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Why I Tossed Over my Artistic Passion for Another Career

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when your passion isn't your career

I have realized that my artistic passion will not be my career.

And I’m OK with that.

Let me start with two points, for anyone who reads this and thinks, “Well, I guess all those years of lessons / classes / workshops / masterclasses / ensembles are a total waste because this (hopefully) relatable 21-year-old tells me they are in his eloquently worded article.”

First, if that’s what you take away from this, you’re not reading this correctly. No part of this article is meant to attack the pursuit of an artistic passion as a career. I envy that pursuit, but I am happy choosing other careers as a means of sustaining my artistic passions. More on that later.

Second, someone who reads this could very easily go on and become a wildly successful painter or gigging musician or stand­up comedian. If you don’t jive with the sentiment of this article, don’t sweat it; go recite monologues or mix paints or practice scales or anything that will help you become the successful artist you strive to be. But try to keep in mind that there are many people who were walking in your footsteps who decided to take a walk down a different road. I am one of them.

Which leads me to this:

I have been learning to play the violin since I was 5. For 16 years I have had a private one­-hour lesson every week (except during the summer, which was AWESOME). I’ve practiced violin one to three hours a day, almost every day, probably since I was 12 years old. For seven summers in a row, I attended overnight arts camps, playing violin in chamber groups and orchestras, having lessons, forming relationships with hundreds of people, some of whom now attend the finest conservatories in America.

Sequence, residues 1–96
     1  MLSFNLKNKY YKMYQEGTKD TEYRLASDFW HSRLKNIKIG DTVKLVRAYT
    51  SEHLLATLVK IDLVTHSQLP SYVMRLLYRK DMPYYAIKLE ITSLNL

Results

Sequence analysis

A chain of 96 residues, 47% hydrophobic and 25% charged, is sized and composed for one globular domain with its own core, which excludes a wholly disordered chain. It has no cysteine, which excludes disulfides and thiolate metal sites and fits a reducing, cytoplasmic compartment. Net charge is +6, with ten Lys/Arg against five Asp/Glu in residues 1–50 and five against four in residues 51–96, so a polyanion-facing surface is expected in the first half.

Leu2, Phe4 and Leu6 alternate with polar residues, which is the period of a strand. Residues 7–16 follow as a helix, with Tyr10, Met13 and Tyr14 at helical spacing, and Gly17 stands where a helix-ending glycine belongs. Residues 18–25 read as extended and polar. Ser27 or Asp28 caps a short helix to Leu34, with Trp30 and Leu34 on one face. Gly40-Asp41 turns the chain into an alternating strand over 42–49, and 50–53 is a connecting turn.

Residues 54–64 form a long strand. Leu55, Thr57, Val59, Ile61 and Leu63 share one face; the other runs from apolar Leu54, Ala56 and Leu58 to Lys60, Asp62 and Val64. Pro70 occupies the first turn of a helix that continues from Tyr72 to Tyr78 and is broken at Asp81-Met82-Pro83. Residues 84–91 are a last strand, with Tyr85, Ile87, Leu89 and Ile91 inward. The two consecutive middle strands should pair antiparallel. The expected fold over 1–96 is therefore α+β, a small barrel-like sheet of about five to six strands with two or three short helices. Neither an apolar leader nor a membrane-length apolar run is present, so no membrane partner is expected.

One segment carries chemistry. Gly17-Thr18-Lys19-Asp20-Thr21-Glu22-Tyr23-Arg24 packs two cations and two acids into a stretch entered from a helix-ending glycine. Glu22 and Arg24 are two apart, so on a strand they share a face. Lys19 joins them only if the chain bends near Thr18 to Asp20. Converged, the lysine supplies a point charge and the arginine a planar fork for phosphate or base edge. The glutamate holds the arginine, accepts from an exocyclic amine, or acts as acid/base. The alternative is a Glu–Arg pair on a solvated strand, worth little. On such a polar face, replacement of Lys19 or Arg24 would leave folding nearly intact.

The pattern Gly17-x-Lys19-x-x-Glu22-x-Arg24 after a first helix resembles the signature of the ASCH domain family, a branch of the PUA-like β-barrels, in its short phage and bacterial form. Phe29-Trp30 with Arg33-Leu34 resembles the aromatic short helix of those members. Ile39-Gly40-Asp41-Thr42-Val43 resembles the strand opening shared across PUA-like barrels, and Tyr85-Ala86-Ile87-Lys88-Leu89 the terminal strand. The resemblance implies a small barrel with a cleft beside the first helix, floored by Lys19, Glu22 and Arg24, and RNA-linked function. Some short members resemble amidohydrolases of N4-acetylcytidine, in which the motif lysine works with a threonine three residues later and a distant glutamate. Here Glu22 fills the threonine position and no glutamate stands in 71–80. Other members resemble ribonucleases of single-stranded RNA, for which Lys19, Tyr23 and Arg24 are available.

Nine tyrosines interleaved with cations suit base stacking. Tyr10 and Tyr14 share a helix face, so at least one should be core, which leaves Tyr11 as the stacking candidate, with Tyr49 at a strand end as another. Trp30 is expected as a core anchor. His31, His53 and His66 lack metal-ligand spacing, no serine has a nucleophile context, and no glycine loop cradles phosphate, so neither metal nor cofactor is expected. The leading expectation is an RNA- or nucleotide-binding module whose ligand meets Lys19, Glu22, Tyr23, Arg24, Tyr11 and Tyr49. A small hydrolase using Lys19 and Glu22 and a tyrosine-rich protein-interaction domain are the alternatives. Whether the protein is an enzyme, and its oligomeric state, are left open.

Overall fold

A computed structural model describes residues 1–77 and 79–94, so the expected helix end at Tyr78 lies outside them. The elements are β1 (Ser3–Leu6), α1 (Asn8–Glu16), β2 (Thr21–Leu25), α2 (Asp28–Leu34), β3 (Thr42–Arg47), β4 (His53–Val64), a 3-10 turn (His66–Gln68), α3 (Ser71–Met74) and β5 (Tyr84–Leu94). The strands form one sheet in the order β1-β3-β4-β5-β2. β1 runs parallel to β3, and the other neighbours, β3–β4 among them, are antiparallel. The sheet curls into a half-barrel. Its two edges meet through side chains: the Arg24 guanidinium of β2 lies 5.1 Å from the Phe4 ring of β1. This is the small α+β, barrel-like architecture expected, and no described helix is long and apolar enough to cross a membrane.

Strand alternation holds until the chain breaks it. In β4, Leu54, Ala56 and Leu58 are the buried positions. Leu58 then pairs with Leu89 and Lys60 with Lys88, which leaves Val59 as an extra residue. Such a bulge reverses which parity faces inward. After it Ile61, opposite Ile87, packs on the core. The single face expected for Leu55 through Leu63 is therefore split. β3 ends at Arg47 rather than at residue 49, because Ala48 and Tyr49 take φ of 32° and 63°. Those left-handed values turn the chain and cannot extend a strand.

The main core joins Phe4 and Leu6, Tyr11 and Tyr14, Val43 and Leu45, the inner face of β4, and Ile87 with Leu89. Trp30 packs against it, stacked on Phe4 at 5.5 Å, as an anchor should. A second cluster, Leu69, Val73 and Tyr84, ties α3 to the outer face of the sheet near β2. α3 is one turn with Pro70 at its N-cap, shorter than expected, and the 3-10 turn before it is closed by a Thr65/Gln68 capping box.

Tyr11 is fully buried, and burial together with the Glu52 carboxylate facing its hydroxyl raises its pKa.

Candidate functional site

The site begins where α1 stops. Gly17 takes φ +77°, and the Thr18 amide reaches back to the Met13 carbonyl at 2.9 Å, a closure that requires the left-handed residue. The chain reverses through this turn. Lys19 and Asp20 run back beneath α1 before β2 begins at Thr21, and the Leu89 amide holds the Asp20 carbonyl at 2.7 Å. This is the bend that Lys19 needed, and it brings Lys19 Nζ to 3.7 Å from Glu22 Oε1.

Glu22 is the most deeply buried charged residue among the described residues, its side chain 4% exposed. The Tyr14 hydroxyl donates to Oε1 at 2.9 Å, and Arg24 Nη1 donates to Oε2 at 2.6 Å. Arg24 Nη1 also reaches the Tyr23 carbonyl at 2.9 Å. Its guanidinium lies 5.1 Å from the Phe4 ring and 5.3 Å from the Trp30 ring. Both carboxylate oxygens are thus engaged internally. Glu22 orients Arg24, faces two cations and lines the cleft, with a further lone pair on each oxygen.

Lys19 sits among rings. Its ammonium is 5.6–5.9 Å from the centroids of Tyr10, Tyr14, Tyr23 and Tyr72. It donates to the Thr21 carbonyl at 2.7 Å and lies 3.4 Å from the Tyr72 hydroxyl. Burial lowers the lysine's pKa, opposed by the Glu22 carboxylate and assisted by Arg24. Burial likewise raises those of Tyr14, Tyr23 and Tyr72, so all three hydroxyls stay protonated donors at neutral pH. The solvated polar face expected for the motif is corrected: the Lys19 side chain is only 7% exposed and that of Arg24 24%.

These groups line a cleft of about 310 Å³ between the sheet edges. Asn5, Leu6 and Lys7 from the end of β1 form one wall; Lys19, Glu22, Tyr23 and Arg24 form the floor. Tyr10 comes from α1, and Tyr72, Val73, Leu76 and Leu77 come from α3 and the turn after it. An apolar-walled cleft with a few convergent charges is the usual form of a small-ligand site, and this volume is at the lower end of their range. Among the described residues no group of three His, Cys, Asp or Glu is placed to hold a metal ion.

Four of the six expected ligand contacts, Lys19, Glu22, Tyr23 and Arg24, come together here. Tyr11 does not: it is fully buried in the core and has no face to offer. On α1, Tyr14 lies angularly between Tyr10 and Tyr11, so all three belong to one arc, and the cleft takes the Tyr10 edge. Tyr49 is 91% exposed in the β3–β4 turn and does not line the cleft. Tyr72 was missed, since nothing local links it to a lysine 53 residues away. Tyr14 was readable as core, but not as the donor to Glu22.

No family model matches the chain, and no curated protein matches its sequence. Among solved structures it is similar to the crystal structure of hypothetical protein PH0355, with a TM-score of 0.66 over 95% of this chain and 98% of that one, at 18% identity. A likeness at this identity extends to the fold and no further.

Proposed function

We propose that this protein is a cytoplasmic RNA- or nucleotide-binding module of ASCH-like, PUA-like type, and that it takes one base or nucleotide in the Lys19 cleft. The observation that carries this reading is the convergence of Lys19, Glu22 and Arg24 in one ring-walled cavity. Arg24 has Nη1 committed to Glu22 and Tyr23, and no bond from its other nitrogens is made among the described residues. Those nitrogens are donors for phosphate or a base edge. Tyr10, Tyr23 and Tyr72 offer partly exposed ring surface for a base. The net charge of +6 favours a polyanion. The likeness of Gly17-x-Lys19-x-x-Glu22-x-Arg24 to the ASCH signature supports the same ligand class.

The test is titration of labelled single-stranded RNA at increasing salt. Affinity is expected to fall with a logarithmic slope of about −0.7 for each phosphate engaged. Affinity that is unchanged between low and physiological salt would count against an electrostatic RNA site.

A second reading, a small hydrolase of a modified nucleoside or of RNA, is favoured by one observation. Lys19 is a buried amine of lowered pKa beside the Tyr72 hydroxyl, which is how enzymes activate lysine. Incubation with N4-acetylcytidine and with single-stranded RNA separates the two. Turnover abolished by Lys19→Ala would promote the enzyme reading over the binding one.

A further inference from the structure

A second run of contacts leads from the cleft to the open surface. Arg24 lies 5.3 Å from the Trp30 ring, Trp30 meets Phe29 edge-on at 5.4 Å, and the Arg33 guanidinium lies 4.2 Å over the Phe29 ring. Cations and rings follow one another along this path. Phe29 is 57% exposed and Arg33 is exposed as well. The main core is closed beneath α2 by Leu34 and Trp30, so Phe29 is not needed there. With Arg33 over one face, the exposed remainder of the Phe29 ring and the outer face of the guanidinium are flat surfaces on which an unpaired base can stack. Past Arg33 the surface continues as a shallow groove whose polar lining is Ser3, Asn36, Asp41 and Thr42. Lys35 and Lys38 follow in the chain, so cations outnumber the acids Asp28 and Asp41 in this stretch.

I played in arguably not one, but two of the best youth orchestras in the Boston area during my four years of high school.

Now, I am a second-­semester junior at UMass Amherst primarily studying journalism. Not a student in the violin studio of Ilya Kaler at Northwestern or of Paul Kantor at Rice University’s Shepherd School of Music or of Marilyn McDonald at Oberlin Conservatory.

[Want to pursue the arts? Check out the Guide to Performing & Visual Arts Colleges.]

I am a journalism student at UMass Amherst studying violin performance as a minor.

Seems to differ from the trajectory I initially seemed to have, doesn’t it?

I wrote an entire paragraph describing my various musical successes to debunk it all with this one fact: I decided to forgo the potential success I could have had at a conservatory or a music school to study something completely out of my comfort zone.

And you might be thinking: “Wow, cool, an article describing how you completely ignored the possibilities that were practically laid out on the floor in front of you. Really makes me feel level headed and confident about pursuing my passion for art now!”

However, that’s not all.

I’m also working part time at a stringed instrument repair and rental shop. A place with which I’ve fallen in love during the short time I’ve worked there. A place where I could see myself working for many more years, investing my time and knowledge of the violin and other instruments to assist young musicians along the road to musical success. A place that I wouldn’t be in if I didn’t have those 16 years of violin experience in my bones, shaping my success to be something different from what my 15-year-old self had in mind.

That’s the point. I want to reassure those who feel disconnected from their art but are unsure of pursuing something else for fear of losing that passion. If you end up in a career that allows you to pursue that passion, congratulations. Truly.

But if your story reads otherwise, as mine surely does, know that you aren’t a failure. A passion can remain as such for as long as you want. Realize that your passion does not have to be your career, and vice versa. Now I have to get back to practicing; this has stolen my attention from memorizing the Franck violin sonata for as long as I can afford.

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